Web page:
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Independence of the judiciary needs many factors, least of all an understanding of the judge’s role in society by the judges themselves. There is enormous amount of material available in the experiences of great judges of our country and the common law world. There are several fascinating models of the role of the judge, from strict constructionists to creative additional legislators, conformists and zealous social reformers, relief givers and “hanging judges”, philosophers and wordsmiths, leaders and followers. Interestingly judges from different jurisdictions with vastly varying social conditions still manage to borrow from each other to fortify their reasoning and analysis. In India, as indeed in many other democracies, we are lucky that institutional beliefs were distilled into our Constitution at a remarkable moment in history, when the masses expressed their confidence in the leaders to give to the nation a social compact of universal acceptance. The amendments that have been made have fleshed out the pristine principles as it were, but the basic structure doctrine has, in a sense, preserved the essential spirit of the Independence movement and the document that reflected its spirit in 1950.
This background needs to be kept in mind as we attempt to change the system for appointments of judges that has been in place for several decades. Many arguments are being heard about transparency, accountability, exclusion, inclusion, self-perpetuation, that it does not have a parallel in the world, etc. But if we believe in the Indian genius why must we feel self-conscious that no one does it this way? Some of the best institutions of the world share many attributes of the present system of judicial appointments in India, including the shortcomings. This is not an appeal to leave things as they are because improvements are always possible and desirable. But we should not be doing something that focuses unduly on one aspect of the judiciary and leave the rest to continue in the spirit of business as usual. I have some idea about how restless the judiciary is about its inability to deliver justice that is of high quality, expeditious, affordable and most of all, easily understood by the common citizen. Judges are not oblivious to the flaws that exist in the present system and in their own way, attempt to address them. Although we see some signs of the political class being able to forge consensus on the urgency of the intended reform, there are some serious questions that have surfaced from the judiciary despite its discreet demeanour in reacting to such public discussions. Comments from some members of the judiciary (albeit no longer on the Bench) should not be cited as a compelling reason for haste. An institutional conversation between the judiciary and the executive (on behalf of the legislature) is the need of the hour. This is too important a matter to be left to be decided in a contest between different wings of government, sending out a signal to the people that years after Independence we remain unclear about the separation of powers.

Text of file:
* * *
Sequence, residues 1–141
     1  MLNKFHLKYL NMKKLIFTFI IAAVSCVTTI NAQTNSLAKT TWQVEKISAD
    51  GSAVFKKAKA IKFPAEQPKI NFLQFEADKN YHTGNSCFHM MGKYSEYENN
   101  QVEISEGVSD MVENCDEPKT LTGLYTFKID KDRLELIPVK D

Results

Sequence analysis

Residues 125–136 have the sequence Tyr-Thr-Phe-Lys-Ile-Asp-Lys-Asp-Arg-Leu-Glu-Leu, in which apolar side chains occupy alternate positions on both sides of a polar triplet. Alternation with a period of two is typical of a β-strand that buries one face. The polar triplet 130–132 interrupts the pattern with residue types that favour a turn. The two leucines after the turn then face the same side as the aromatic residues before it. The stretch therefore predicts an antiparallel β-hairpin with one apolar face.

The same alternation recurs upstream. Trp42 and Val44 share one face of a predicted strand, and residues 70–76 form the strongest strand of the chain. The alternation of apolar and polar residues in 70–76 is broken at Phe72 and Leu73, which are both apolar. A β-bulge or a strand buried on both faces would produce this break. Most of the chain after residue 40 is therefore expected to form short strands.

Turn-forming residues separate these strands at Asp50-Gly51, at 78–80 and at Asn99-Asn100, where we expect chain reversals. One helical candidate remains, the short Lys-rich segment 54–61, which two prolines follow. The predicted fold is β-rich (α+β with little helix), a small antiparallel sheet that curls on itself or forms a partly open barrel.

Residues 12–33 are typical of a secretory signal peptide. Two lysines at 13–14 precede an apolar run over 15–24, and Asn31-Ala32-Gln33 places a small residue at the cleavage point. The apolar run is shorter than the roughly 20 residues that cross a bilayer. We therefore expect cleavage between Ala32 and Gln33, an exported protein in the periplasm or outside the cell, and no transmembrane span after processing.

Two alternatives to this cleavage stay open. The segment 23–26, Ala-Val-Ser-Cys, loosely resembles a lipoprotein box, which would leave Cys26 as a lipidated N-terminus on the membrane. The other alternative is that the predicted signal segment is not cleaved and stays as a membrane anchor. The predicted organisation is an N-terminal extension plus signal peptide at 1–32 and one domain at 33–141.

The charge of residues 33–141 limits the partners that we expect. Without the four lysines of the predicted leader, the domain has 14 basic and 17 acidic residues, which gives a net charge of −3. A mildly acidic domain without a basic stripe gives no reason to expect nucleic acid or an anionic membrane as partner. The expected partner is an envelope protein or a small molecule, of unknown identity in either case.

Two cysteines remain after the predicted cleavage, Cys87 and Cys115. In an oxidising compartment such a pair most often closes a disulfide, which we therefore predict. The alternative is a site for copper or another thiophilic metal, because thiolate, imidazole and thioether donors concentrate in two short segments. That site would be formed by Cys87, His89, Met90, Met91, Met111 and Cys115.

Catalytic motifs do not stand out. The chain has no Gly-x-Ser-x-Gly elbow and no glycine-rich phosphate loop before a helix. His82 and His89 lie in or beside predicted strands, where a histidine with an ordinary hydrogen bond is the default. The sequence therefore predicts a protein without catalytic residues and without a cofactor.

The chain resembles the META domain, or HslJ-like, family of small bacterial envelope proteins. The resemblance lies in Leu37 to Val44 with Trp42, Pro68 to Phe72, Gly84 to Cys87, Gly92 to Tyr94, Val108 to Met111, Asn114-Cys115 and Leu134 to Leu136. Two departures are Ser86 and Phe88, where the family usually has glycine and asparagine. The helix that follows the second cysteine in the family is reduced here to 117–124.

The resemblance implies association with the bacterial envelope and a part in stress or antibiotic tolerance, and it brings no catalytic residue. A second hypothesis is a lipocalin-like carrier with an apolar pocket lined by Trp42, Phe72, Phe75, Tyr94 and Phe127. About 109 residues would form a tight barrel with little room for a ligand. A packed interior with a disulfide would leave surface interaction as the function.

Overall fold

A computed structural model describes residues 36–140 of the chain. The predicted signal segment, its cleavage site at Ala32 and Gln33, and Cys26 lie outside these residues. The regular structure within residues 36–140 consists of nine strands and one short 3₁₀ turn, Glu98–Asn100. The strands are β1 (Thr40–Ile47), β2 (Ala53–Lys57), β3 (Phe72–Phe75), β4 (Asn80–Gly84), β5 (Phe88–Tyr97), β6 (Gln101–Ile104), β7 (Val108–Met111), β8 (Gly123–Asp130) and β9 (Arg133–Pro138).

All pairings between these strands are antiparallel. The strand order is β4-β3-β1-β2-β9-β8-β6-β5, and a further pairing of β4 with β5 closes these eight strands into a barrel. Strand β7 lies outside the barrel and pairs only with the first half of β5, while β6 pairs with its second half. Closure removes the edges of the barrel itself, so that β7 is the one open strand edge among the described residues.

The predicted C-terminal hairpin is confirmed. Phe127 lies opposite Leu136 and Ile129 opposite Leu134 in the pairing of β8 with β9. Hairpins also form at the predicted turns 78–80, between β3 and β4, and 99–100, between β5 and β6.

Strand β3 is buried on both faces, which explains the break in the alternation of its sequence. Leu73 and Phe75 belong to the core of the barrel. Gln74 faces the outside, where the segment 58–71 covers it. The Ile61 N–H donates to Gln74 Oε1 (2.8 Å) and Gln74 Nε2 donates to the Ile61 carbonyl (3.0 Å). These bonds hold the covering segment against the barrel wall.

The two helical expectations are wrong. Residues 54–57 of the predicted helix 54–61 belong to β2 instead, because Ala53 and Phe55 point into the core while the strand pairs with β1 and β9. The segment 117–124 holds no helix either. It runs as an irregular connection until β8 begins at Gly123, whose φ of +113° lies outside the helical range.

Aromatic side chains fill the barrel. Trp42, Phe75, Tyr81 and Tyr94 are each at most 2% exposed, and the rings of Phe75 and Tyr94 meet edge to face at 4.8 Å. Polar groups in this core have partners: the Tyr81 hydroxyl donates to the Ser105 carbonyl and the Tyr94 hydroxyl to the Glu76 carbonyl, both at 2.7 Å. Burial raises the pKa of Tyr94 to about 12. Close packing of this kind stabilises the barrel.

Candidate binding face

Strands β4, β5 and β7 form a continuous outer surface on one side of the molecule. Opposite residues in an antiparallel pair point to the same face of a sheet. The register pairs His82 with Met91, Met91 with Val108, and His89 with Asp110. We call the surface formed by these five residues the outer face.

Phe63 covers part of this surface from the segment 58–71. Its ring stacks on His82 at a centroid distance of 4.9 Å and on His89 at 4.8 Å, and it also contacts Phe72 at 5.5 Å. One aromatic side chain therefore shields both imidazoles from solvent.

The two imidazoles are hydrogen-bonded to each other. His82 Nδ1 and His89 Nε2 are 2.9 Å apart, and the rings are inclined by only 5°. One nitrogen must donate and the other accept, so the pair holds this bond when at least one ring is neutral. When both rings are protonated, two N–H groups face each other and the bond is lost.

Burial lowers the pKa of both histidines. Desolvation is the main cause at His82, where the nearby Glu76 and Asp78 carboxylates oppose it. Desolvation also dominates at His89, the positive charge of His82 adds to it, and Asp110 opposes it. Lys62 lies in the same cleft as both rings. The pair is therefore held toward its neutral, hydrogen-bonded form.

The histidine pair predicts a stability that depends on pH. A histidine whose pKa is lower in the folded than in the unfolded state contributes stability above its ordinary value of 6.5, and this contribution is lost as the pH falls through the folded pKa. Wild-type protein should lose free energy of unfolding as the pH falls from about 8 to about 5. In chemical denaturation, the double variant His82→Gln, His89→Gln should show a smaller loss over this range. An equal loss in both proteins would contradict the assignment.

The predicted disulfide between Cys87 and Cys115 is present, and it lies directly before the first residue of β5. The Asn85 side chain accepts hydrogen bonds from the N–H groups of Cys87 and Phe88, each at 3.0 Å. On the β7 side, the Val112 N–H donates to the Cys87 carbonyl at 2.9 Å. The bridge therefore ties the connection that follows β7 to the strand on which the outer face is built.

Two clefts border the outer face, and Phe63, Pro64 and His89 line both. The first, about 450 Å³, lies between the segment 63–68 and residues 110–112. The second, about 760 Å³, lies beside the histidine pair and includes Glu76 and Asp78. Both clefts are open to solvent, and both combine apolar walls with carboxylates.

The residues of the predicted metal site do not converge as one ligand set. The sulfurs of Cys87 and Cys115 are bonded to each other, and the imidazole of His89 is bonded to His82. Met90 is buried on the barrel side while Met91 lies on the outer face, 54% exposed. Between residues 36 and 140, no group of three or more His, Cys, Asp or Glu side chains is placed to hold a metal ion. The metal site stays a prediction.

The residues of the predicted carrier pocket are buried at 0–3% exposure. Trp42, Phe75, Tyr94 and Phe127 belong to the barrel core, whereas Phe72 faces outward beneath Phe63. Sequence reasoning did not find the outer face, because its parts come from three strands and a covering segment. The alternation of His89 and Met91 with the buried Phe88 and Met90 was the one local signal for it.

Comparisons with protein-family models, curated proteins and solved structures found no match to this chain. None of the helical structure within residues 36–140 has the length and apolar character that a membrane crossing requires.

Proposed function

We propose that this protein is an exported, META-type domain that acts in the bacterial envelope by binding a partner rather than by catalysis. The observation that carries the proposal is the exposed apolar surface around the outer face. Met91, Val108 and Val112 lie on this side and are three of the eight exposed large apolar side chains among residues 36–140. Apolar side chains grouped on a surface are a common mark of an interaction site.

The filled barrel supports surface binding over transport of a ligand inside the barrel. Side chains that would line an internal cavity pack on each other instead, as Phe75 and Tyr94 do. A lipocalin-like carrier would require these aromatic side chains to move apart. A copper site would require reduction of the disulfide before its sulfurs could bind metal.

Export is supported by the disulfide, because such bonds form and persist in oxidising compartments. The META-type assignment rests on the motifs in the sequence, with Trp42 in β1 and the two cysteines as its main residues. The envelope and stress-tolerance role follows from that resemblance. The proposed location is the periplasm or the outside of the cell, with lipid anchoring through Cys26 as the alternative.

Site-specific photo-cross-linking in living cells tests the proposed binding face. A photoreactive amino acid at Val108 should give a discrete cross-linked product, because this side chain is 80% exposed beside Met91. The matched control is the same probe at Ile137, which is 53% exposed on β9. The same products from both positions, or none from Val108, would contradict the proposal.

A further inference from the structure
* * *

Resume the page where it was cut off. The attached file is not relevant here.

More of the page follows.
The writer was Union law minister from May 2011 to October 2012